Catch .223: Newtown Parent Mark Mattioli Says Magazine Limits Won’t Work Without ‘Confiscation’


On the heels of CBS News’ gut-wrenching interview of seven Newtown families on 60 Minutes, Fox News interviewed pro-gun parent Mark Mattioli, whose son James was killed in the mass shooting at Sandy Hook Elementary School. Megyn Kelly‘s full interview with Mattioli is similarly heartrending, but there were also some uniquely revealing moments in the apparent first interview of a pro-gun Newtown parent. Asked about banning extended magazines, Mr. Mattioli argued that there are too many in circulation to do any good, without confiscating the existing ones, and offered one of the few affirmative defenses of the magazines that I’ve heard.

Some of what Mr. Mattioli said had the familiar ring of NRA boilerplate, but with the moral authority of a grieving parent that makes it impossible to dismiss with a sneer and a muttering of “gun nut.” For example, Mark Mattioli told Megyn Kelly that gun regulation is “a false premise,” because  gun control works for people who abide by the laws. Criminals who conduct most of the gun crime don’t care about the law. they won’t look up the Connecticut law to see how many guns, how many bullets have to be in the magazine that they’re supposed to register with the state police at some point in the future, once they come up with a blueprint for how to administer that.”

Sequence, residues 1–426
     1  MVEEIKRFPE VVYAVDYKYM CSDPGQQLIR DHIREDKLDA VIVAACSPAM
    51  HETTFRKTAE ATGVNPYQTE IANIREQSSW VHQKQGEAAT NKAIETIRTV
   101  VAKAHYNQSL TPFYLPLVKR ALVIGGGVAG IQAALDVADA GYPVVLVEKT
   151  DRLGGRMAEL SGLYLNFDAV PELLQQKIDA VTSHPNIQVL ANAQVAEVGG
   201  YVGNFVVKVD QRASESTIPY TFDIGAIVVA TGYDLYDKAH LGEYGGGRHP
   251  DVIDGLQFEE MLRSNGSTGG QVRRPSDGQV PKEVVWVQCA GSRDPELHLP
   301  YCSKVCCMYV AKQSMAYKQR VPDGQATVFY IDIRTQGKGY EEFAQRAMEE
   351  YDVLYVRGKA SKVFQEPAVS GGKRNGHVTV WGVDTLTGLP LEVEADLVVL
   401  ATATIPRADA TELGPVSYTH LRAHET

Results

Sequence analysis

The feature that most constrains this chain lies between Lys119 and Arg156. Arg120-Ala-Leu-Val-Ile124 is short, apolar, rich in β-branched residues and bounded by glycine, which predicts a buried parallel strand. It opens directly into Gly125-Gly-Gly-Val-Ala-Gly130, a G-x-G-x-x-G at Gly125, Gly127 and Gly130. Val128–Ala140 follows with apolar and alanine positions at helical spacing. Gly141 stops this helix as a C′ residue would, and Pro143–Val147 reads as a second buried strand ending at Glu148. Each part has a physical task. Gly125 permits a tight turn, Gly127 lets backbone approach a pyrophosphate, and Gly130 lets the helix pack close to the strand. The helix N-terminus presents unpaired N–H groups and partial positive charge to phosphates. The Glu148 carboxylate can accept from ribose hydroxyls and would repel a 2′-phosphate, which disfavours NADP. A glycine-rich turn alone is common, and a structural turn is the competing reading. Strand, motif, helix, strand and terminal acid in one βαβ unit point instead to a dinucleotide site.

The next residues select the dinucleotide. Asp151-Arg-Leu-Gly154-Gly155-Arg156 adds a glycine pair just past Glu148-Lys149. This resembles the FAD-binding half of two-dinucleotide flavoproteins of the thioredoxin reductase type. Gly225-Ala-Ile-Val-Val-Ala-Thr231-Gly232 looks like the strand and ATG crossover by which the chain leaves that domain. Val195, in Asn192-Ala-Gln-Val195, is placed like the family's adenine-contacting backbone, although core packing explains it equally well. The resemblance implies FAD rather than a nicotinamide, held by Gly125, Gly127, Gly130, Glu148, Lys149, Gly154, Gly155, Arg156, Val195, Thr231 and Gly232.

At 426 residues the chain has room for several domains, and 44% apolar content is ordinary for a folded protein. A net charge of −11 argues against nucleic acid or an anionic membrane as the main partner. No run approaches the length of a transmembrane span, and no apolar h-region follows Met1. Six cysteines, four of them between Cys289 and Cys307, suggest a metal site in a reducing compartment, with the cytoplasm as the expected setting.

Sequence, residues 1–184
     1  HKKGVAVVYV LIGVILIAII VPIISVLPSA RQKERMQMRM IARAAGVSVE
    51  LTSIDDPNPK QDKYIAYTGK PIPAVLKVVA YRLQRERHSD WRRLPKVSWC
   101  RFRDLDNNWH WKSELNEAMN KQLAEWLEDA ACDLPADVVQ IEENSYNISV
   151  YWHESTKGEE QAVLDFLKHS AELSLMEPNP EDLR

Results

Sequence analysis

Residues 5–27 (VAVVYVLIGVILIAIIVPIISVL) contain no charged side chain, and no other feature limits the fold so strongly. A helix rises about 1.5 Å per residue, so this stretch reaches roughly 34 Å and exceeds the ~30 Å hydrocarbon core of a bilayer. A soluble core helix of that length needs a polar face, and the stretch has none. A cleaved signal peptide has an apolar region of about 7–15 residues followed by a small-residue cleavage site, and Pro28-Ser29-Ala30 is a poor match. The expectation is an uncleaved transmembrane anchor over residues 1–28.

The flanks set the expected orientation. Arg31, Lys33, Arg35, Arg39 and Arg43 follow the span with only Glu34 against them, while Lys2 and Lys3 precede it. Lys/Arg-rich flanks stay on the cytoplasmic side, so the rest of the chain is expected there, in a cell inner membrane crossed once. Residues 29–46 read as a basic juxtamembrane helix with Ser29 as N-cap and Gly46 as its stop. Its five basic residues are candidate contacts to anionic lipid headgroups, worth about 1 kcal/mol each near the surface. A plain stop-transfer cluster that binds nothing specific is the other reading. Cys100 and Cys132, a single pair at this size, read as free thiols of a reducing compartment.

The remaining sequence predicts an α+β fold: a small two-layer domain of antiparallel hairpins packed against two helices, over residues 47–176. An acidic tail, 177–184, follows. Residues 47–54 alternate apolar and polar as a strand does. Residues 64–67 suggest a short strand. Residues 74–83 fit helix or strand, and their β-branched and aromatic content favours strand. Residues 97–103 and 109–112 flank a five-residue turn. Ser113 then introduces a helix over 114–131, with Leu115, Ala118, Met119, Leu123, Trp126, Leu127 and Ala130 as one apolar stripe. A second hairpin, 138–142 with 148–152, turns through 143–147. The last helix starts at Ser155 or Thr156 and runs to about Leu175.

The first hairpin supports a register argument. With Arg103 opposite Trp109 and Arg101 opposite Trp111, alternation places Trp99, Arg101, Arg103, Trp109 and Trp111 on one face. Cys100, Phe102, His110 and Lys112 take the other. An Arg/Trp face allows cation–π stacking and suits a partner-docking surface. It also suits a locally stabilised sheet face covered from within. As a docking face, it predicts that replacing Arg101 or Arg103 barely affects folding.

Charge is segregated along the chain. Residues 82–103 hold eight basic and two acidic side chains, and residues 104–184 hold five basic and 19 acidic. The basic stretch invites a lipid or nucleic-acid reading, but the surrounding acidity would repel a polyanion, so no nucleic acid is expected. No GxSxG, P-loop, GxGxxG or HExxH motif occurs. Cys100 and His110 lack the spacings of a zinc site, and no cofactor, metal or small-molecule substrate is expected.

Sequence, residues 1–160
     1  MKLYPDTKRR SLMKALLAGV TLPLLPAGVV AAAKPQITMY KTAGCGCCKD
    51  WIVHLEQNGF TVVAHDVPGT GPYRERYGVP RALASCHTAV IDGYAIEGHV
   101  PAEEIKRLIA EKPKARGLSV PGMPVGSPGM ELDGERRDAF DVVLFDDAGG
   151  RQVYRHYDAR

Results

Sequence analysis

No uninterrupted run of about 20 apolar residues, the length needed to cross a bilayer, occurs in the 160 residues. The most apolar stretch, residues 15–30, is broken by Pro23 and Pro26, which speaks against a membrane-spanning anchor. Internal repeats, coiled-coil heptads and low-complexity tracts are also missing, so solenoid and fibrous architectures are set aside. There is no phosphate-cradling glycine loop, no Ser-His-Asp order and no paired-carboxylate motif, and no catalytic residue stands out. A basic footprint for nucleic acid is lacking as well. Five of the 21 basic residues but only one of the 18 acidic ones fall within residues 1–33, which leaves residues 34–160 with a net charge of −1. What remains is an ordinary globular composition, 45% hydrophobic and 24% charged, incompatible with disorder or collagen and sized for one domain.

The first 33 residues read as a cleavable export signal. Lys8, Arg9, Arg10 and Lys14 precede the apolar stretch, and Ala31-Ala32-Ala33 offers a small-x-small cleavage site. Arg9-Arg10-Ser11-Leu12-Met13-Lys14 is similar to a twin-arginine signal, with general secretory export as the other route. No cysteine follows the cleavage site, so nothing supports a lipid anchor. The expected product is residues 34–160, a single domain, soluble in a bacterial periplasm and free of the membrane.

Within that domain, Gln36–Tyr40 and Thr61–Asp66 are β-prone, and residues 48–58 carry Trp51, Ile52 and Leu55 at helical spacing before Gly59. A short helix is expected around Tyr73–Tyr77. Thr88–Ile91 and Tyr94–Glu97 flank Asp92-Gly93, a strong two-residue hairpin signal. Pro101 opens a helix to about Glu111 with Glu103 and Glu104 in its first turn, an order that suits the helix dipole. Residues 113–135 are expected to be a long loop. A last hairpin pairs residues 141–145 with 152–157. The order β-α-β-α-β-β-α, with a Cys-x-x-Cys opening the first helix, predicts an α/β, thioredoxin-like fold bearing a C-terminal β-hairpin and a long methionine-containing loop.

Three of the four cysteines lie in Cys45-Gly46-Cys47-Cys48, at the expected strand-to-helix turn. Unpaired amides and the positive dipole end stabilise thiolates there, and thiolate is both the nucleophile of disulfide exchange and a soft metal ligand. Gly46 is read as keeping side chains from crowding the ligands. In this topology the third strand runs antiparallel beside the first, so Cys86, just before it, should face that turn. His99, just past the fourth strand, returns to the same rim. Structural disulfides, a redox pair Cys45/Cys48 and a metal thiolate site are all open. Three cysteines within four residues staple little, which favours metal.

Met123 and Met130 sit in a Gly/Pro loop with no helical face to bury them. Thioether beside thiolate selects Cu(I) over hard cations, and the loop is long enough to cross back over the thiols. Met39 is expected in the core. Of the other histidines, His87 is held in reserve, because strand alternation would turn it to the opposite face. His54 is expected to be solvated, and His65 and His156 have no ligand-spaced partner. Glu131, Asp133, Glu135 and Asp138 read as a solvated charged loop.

Normally, this argument simply reeks of bad faith, but coming from someone like Mark Mattioli, it’s obvious that there are people who sincerely believe this fundamental misunderstanding of how laws work. There are no laws designed to eliminate all crime via voluntary surrender. We don’t make laws against heroin because we think criminals will look up that law and surrender their drugs, we do it so that when the police do catch someone with heroin, they can take it away from them before it kills someone.

Similarly, if extended magazines are federally banned the way they now are in Connecticut, those already in circulation would need to be registered by the law’s effective date. After that, with no new magazines being sold and manufactured, police could take them away from people who weren’t supposed to have them, eventually reducing the supply to those who had lawfully registered them.